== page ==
Two California Bills Would Put Climate in the Fast Lane
When President Biden signed the Infrastructure Investment and Jobs Act, he made sure billions in transportation funding would come to California to modernize and clean up our transportation system. Two bills would help the state prioritize climate and equity in our mobility investments.
This spring, I wrote about an important warning from the California Strategic Growth Council: the state’s transportation spending is often working at cross purposes with its climate goals, and slowing our progress to creating a zero-emissions transportation system that works for all Californians. On top of that, many highway projects funded by the state contribute to more vehicle pollution in already-burdened communities.
How so? The State continues to invest in highway projects that encourage more driving at a time when we need to give residents clean alternatives to driving, like intercity rail, public transit, and biking and walking paths—at the same time we work to ensure the remaining vehicles are zero emissions.
Thankfully, two key bills are moving forward that would help get California on track, and we urge the legislature to vote in favor of both.
AB 1778 from Assemblymember Cristina Garcia would ban the use of state funding and resources to build or expand freeways in communities already burdened by pollution and public health impacts.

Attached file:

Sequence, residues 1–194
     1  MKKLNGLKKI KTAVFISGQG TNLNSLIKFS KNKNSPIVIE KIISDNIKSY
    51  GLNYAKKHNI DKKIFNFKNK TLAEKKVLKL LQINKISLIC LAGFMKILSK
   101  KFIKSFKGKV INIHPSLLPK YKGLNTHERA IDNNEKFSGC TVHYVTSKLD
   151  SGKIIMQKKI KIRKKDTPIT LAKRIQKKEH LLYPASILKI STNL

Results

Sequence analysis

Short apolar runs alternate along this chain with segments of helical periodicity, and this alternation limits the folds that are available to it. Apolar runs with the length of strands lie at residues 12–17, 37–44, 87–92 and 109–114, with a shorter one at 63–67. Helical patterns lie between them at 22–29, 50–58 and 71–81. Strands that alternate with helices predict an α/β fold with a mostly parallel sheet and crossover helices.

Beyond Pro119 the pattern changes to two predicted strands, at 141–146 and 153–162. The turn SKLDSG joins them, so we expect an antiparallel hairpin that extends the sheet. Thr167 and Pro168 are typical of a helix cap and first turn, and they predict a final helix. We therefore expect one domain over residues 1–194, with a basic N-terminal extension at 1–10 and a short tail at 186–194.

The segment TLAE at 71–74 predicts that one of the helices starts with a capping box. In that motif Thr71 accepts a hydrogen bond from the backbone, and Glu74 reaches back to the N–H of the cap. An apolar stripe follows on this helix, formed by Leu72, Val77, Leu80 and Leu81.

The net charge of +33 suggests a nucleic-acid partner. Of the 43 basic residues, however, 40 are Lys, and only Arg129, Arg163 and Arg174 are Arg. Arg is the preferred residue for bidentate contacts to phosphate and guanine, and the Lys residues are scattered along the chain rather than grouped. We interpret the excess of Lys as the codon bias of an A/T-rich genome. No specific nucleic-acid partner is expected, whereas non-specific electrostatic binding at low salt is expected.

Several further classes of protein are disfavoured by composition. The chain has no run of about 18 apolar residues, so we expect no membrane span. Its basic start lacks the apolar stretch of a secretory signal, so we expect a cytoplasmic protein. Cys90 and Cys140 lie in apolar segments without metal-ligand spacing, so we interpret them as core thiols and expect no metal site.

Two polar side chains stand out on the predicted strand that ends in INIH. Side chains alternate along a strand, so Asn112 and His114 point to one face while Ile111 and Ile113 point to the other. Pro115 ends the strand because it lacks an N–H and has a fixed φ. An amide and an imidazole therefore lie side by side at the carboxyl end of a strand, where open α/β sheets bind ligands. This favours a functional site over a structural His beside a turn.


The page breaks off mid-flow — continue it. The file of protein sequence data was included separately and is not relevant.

This bill would halt some of the most egregious planned freeways, turning the state away from a legacy of neighborhood destruction and displacement caused by transportation infrastructure projects. We could then begin to steer our transportation investments towards healthy and clean mobility that delivers on community-driven priorities and improves neighborhood access to social and economic opportunities.
AB 2438 from Assemblymember Laura Friedman would require the state to update its transportation funding programs to align with its climate goals.
Even today, many investments the state makes in transportation are guided by outdated rules and poorly-conceived legacy projects that prioritize moving vehicles rather than helping people get around without the financial and environmental burden of car ownership and gridlock. Four years ago, the California Air Resources Board noted that the “California would still need to reduce [driving] per capita 25 percent to achieve the necessary reductions for 2030” to reach its statutory climate goals, on top of aggressive deployment of electric vehicles.
AB 2438 would help shift our funding priorities to make sure projects like electric rail, transit, biking and walking go to the front of the line for funding from the State, while still creating well-paying jobs in constructing, maintaining and operating our transportation system.
Both bills are pending in the California Assembly and we urge all Assemblymembers to support these bills to advance a transportation system that supports good jobs and affordable and equitable mobility.